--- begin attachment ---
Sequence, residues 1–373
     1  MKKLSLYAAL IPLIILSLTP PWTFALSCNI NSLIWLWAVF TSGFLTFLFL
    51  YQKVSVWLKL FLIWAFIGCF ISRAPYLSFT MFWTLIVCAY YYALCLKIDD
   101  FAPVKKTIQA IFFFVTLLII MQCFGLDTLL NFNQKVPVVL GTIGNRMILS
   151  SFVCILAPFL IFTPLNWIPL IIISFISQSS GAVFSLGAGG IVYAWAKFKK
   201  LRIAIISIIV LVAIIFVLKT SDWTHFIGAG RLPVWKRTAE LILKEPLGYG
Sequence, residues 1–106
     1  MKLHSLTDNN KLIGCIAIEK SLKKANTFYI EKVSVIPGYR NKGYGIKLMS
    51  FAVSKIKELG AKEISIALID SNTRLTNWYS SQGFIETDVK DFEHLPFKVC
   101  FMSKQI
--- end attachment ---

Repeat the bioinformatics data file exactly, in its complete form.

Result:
Sequence, residues 1–373
     1  MKKLSLYAAL IPLIILSLTP PWTFALSCNI NSLIWLWAVF TSGFLTFLFL
    51  YQKVSVWLKL FLIWAFIGCF ISRAPYLSFT MFWTLIVCAY YYALCLKIDD
   101  FAPVKKTIQA IFFFVTLLII MQCFGLDTLL NFNQKVPVVL GTIGNRMILS
   151  SFVCILAPFL IFTPLNWIPL IIISFISQSS GAVFSLGAGG IVYAWAKFKK
   201  LRIAIISIIV LVAIIFVLKT SDWTHFIGAG RLPVWKRTAE LILKEPLGYG
Sequence, residues 1–106
     1  MKLHSLTDNN KLIGCIAIEK SLKKANTFYI EKVSVIPGYR NKGYGIKLMS
    51  FAVSKIKELG AKEISIALID SNTRLTNWYS SQGFIETDVK DFEHLPFKVC
   101  FMSKQI